Within each of these neighborhoods there are elements from many layers of Rome's 2000-year history: the marble ruins of ancient times; tangled streets of the medieval world; early Christian churches; grand Renaissance buildings and statues; Baroque fountains and church facades; 19th-century apartments; and 20th-century boulevards filled with traffic. Since no one is allowed to build taller than St. Peter's dome and virtually no buildings have been constructed in the city center since Mussolini got distracted in 1938, Rome has no modern skyline. 

Rome probably has more history than any other city on earth and I simply can't write it all :)

So. We walked a few blocks to a tram station and bought tickets and hopped on. It's amazing how much old stuff there is everywhere and the city is just built around it. 
The tram brought us to the bus station and then it started raining and we didn't have our umbrella or stroller cover because the weather said it wasn't supposed to rain. We found the bus we needed but our stroller wouldn't fit (see - not family friendly) and as we were taking it apart the bus left... We figured it wouldn't be long until the next one. Literally 45 MINUTES LATER the bus still hadn't come!! We were sooo frustrated. AND, we had a timed entry to the Borghese Gallery and we'd be SOL if we missed it! We found a different bus since the one we wanted just wasn't coming. And then this new bus wasn't coming! After waiting for a stupid bus for over an hour, finally one we wanted came and we hopped on. We literally could have walked to the gallery and back again in the amount of time it took for a bus. Sigh. I'm not bitter :) Once we got off the bus it was pitch black and we booked it for the gallery, 20 minutes past 5pm, our entry time. Thankfully, so thankfully and gratefully, they still let us in.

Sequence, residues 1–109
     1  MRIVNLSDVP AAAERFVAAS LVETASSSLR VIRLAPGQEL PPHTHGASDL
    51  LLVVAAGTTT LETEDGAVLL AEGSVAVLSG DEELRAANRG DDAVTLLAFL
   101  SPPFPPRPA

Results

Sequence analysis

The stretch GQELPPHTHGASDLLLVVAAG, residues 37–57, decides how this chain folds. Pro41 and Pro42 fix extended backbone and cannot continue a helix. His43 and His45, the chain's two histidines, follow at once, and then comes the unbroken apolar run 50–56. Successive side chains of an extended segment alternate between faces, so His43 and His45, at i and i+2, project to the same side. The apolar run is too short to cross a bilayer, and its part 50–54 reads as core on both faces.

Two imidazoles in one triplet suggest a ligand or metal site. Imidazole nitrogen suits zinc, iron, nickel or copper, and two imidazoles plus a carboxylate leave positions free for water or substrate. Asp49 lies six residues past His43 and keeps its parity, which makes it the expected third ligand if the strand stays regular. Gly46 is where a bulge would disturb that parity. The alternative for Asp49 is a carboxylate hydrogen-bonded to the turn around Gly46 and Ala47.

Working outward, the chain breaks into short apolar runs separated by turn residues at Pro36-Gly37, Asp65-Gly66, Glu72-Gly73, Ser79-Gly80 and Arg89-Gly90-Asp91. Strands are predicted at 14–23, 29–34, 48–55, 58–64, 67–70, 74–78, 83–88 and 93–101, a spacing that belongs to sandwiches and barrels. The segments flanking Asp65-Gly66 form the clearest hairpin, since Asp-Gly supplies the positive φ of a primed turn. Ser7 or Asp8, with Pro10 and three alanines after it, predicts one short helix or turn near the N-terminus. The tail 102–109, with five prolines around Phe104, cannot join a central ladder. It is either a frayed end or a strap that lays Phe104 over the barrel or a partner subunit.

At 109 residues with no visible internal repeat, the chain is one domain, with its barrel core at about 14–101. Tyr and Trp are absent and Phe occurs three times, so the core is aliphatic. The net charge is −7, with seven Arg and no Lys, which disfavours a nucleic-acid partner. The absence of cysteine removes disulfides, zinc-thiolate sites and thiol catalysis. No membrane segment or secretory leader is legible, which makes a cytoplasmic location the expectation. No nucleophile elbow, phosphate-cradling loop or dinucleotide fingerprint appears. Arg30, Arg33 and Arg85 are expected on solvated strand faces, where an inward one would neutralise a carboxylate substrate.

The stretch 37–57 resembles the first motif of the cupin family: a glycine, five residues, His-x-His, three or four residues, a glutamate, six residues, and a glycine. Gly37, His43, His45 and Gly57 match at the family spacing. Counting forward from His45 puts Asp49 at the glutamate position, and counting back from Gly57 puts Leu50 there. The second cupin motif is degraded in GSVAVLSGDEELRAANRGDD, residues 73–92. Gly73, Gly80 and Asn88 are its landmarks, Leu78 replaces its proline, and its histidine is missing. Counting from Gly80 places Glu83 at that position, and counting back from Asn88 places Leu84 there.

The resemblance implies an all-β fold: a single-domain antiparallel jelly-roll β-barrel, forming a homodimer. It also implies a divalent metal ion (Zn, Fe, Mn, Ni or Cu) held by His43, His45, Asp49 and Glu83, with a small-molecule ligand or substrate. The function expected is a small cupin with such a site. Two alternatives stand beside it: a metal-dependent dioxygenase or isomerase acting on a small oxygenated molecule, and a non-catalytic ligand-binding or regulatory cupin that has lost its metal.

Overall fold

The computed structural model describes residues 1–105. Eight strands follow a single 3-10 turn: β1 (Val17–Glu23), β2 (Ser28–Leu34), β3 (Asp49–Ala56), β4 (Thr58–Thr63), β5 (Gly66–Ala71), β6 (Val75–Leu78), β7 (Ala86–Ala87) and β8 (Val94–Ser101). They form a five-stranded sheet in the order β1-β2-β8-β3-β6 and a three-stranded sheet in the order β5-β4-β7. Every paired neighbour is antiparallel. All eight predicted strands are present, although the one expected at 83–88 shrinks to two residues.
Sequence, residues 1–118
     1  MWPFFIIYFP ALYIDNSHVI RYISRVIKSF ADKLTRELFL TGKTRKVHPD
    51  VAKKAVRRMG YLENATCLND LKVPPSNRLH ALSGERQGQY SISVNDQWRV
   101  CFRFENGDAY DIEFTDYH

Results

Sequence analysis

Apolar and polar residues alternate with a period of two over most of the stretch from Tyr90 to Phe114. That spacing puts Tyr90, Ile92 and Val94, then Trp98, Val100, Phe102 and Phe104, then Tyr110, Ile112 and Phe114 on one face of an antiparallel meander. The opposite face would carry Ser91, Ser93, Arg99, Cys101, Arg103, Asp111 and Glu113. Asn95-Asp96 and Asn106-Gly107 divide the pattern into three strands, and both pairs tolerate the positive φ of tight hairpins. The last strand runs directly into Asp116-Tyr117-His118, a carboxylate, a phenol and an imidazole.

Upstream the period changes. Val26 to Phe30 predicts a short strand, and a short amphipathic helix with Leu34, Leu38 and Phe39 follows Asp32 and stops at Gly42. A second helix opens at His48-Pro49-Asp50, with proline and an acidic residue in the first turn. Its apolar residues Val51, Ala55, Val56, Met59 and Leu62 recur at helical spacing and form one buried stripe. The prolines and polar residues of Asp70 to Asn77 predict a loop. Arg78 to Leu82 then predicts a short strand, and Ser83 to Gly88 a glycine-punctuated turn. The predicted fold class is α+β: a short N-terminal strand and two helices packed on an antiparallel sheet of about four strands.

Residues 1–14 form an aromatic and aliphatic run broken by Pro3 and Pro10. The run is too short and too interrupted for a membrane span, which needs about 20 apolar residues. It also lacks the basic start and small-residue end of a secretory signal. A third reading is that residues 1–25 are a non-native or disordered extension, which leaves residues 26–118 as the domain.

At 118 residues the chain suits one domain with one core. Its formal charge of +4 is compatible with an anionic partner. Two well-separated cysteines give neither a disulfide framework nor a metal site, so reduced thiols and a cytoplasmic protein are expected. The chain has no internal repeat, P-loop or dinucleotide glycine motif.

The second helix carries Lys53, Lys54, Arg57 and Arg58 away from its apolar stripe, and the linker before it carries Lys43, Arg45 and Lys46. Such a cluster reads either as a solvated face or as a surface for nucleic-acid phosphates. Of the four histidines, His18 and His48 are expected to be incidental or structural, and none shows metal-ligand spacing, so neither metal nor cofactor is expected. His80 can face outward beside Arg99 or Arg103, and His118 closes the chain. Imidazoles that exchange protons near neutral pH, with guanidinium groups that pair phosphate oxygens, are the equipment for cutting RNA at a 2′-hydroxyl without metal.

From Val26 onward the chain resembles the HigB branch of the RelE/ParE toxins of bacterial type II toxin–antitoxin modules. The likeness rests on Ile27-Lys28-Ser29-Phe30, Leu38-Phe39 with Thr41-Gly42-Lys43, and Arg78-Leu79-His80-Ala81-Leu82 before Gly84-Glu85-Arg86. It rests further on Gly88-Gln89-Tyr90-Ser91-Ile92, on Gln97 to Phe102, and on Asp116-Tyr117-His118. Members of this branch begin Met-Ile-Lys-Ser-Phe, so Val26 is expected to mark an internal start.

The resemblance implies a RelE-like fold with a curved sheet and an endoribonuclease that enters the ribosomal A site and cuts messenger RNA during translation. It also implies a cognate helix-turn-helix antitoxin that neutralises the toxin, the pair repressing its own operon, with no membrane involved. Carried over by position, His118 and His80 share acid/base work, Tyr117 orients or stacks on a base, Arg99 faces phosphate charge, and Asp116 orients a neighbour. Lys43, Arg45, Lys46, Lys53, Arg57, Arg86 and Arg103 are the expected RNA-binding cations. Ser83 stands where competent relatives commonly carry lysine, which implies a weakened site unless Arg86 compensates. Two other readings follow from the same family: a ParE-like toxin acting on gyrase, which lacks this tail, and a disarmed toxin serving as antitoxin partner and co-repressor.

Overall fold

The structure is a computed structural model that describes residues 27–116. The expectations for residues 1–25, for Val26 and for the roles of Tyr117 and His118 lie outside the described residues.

Yay, we finally made it to the Borghese Gallery - all is well!
This plush museum, filling a cardinal's mansion in the park, offers one of Europe's most sumptuous art experiences. There's a collection of world-class Baroque sculpture as well as paintings by Caravaggio, Raphael, Titian, and Rubens. The villa was built in the early 17th century by the great art collector Cardinal Scipione Borghese who wanted to prove that the glories of ancient Rome were matched by the Renaissance.